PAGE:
Reformation Sunday

Chapters 7 and 8 in the Gospel of John situate Jesus in the midst of reform.

Luther crest, Eisleben, Germany
"Luther crest, Eisleben, Germany." Image by Christopher Manke, 2015. Used by permission.

October 25, 2015

View Bible Text

Commentary on John 8:31-36

Chapters 7 and 8 in the Gospel of John situate Jesus in the midst of reform.

These are hard chapters full of hostility on several levels. The initial layer of hostility is created by the complexity of the relationship between Jesus and the Jews of his own day. A second level of animosity has to do with the confusion of the gospel writer’s own community over its relationship with the post-temple Jewish movement.

The starkness of this hostility and the continuous dialogue that issues from John 8:31-59 should lead us to a cautionary preaching of the text. It is of paramount importance that we do not remove any of the subtexts of these two chapters from their socio-cultural and historical contexts. The context is that of identity. Who belongs inside and outside the true followers of Jesus? This is the chief question on this Reformation Sunday.

For liturgical churches, the color for Reformation Sunday is red. Red for the blood of the martyrs who stand within the line of reformist thinking. Reform sometimes causes the powerful to kill those with whom they disagree.

There is Jan Hus, the pre-reformist whose writings inspired much of Martin Luther’s thinking. Huss would not recant the writings about, among other things, the scriptural idea that Christ alone was head of the Church and the denouncement of the supremacy of the Pope. He was martyred by fire on July 6, 1415.

Perhaps, a more familiar martyr is Dietrich Bonhoeffer who resisted the schemes of Hitler from his firm commitment to “the cost of discipleship.” He was executed on April 9, 1945.

Reformation. Tension. Misunderstanding. Identity. Belonging. Kinship. These are the themes of this passage.

Jesus is in Jerusalem to celebrate the Feast of Tabernacles (remembering God’s care for the children of Israel in their wilderness wanderings), and hostility is mounting. The chapter ends with the Jews picking up stones to kill Jesus. Hostility in relationship to theology sometimes has murderous consequences.

Discuss: Where is there evidence of literal and figurative murder for the sake of theology in our world?

Our text follows Jesus’ teaching the Jews in the temple about his own identity. John 8:31-36 begin a dialogue that is a response to those of the Jews who had believed in the things he said. The NRSV translates the first word in verse 31 as “then.” That is not strong enough for the context of this dialogue. The verse should read: “Therefore, Jesus said to the Jews who had believed in him … ”

There is often a pattern in John where Jesus says something and it is misunderstood. Jesus is attempting in the conversation with the believing Jews to clarify what it is that they purportedly believe in. 8:31-37 is the first of five of these patterns that recur until the end of the chapter.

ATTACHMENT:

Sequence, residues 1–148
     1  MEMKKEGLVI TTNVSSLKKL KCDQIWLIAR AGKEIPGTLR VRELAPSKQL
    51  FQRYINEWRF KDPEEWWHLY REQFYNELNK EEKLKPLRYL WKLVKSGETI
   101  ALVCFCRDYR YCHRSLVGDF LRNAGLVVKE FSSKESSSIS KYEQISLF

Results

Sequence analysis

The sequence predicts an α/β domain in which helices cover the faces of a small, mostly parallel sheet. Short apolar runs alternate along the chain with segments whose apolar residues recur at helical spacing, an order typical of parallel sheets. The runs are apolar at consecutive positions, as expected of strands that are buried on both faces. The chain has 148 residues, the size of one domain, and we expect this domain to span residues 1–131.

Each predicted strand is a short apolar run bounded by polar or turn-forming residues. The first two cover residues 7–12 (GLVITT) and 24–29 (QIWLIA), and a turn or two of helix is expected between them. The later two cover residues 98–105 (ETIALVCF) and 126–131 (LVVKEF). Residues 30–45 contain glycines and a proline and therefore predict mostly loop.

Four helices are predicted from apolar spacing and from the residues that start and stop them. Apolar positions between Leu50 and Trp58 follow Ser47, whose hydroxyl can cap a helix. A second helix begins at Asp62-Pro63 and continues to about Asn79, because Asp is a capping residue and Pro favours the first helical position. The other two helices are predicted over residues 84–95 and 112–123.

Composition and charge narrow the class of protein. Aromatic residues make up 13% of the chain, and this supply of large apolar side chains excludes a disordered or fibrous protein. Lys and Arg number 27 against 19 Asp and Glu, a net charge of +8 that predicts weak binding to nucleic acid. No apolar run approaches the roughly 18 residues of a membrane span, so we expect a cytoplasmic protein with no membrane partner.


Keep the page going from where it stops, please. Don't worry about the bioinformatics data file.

Jesus is essentially testing the new believers as to the sufficiency of their faith — faith forms identity. Or so Jesus is trying to teach them. The Greek word for “truth” is essential to the faith that Jesus is conversationally uncovering.

If “they” continue forward in Jesus’ word, “they” are truly disciples of him. Furthermore, “they” will know the truth, and the truth will free “them.” This promise uttered by Jesus is the entry point of the misunderstanding.

The Jews seize onto the wrong concept of the truth about freedom. They are descendants of Abraham and are free. The phrasing here is emphatic, what we might classify as bad grammar in English: “We have never by no means ever been slaves to no one.” This assertion of never having been enslaved is ludicrous in the context of these chapters. The very feast they are observing is that of God’s graceful deliverance of them in the wilderness as they made their way from Egyptian slavery to the promised land.

Jesus answers the ironic nature of their misunderstanding with some words that are almost a riddle. When we read “truly, truly I say to you,” in John, this is something of an emoticon — the words are a language picture to show that the next thing is important.

Slavery is about what one does — sin. The slave to sin does not have a permanent place in the kind of faith identity that Jesus is proposing. The only way out of that loop of slavery is to be made free by the son. Only the son can gift this kind of freedom.

Jesus is going against the conventional wisdom of his day (and ours, at times) that one’s birth status — slave or son/daughter — determines one’s character, value, or status. “Who’s your daddy” is the question that is behind this confrontation. Jesus says that being a descendant of Abraham is not enough. Jesus is the “Son of Man.” (v. 28) Jesus is a descendant of God (vs. 28 and 42). Only the son can grant the kind of freedom and place that they think they have claimed by believing.

The supreme misunderstanding of identities and place is the core misunderstanding of Jesus and his mission. Jesus is reforming the thinking of the Jews of his day, and they simply do not yet seem to comprehend.

Discuss: Where are there notes of reformation and rethinking of our religious heritage today? What do these reforming ideas have to offer our context?